Susan Davis: During the Revolutionary War and the Civil War women couldn’t actually serve but they would dress up like men, and oftentimes serve in the role of their husband after their husband was killed. Or they would be spies, and the only way they would be found out it would be if they were injured. They would need help, and then they would discover it was actually a woman and not a man.
But anyway, we …
A Ockershausen: That’s an amazing story. They would actually take the place of the fallen soldier.
Susan Davis: Yes, exactly. But like so much of the woman’s world, in this case women and military didn’t have the recognition that they deserved in terms of defending our country. [Brigadier] General Wilma Vaught incredible, highly decorated one of the early top generals in the military who’s now 85 I think.
A Ockershausen: Wow.
Susan Davis: General Vaught decided she was going to lead the charge to build the Women’s Memorial and we were right there with her. We helped create the logo to begin with and ended up helping her with everything from raising money, and this is interesting – we couldn’t get money from American corporations, so I reached out to the Kuwaiti government and asked them if they would support the women who had served in the Gulf War.
They did to a tune of $850,000. Then we asked the Saudis and they came in with the same and that sort of shamed American corporations, so then they came in behind, so we ended up with our money.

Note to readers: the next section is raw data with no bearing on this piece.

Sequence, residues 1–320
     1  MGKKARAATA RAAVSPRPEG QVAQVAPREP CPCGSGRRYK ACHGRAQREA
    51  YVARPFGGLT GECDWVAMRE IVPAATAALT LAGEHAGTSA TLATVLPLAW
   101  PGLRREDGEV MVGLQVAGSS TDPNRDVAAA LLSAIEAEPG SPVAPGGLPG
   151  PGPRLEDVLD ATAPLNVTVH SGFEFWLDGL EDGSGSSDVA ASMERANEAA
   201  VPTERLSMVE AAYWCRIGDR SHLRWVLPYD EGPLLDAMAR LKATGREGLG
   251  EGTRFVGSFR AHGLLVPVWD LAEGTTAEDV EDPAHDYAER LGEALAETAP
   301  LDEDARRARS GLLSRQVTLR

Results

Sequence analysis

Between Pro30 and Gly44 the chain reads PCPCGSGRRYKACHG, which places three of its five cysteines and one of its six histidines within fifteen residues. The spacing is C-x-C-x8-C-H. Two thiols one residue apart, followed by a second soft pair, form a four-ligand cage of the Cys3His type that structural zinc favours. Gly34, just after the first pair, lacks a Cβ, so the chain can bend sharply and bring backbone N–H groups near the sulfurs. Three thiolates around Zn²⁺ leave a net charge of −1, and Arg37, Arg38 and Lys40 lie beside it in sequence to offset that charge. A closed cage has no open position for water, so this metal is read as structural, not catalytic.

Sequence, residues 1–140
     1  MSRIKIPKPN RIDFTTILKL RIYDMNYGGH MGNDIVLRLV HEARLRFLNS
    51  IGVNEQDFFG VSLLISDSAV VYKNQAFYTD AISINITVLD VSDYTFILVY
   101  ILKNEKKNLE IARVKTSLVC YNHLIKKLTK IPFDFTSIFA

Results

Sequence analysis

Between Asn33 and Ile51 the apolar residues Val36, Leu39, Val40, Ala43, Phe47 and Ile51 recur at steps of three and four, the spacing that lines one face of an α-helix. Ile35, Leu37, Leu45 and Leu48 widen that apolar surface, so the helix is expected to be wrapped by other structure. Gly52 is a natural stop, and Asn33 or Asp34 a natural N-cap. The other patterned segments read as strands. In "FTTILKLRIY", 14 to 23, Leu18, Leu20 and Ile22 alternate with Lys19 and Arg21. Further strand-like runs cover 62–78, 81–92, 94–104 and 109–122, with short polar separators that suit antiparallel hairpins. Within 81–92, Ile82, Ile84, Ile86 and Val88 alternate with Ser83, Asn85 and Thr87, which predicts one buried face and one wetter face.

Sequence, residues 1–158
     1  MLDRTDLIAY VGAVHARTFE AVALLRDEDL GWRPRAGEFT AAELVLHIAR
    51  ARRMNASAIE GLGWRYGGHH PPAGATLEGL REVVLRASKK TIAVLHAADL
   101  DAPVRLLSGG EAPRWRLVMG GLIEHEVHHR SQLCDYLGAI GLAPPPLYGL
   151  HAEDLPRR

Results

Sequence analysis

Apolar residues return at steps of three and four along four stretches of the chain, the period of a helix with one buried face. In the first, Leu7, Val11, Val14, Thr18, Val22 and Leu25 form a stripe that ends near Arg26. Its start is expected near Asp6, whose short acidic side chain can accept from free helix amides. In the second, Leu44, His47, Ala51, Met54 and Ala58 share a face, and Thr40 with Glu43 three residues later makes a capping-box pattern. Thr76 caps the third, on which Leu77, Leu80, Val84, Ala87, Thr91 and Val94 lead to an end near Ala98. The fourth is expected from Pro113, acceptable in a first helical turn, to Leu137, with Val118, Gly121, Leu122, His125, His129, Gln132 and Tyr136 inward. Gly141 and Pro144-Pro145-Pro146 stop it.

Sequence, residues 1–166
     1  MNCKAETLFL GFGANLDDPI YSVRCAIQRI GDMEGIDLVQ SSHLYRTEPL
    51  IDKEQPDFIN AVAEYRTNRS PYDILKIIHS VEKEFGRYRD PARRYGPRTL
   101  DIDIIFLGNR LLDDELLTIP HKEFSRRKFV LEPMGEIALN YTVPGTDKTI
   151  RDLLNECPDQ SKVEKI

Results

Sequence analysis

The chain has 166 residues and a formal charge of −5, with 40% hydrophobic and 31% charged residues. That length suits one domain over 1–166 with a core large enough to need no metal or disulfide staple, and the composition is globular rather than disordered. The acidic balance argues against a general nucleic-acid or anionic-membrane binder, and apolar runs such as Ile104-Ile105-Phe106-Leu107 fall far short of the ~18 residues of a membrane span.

A Ockershausen: You went through the back door, but you got them all.
Susan Davis: Yeah.
Janice IaconA Ockershausen: And another unique thing that you did, that goes unnoticed I think by the … Just because it’s of interest to me, because of the radio business. But you had a campaign on radio to raise money, which was really not something 30 years ago that people did.
Susan Davis: That’s exactly right. I think we got some good advice from you and that was …
Janice IaconA Ockershausen: You did a lottery.
Susan Davis: We did a lottery. We used every means we could possibly use to raise that money, and it finally all came together and we had … We went for the … actually for the dedication of it, we had 30,000 women, including women from World War I who were there.
A Ockershausen: Wow.
Susan Davis: It was just incredible. We had a march, a candle light march.
A Ockershausen: I remember the publicity was fabulous.
Susan Davis: Yeah, 16,000 people participated in the candle light march, and some of those women from World War I and World War II were never going to travel again. But they were there, and it was just … I’m so proud of that work. We did all the publicity. We did all special events, and it’s one of the things in my career that I’m most proud of.
National Museum of the Marine Corps
A Ockershausen: Well, Susan, you’ve done so many. Listen, looking at your awards, I can’t even remember it to talk to you about it, but I want to, but you’ve done so much for the military. I know what you’ve done for the Marine Corps and that Marine Museum at Quantico.
Susan Davis: That’s fabulous isn’t it?
A Ockershausen: That’s fabulous example of … It’s private too. There’s nothing … The Marine Corps didn’t support that. You did that. Susan Davis: No, well, we didn’t do that. But we were …
A Ockershausen: I think you did.
Susan Davis: Well, thank you Andy. But we need to get credit.
A Ockershausen: I’d call it Susan’s Museum.
Susan Davis: I know we need to give credit where it’s due to just the terrific foundation staff and yeah, they’re absolutely fabulous and it’s … They are and have been a wonderful client. We’ve been really proud to support them.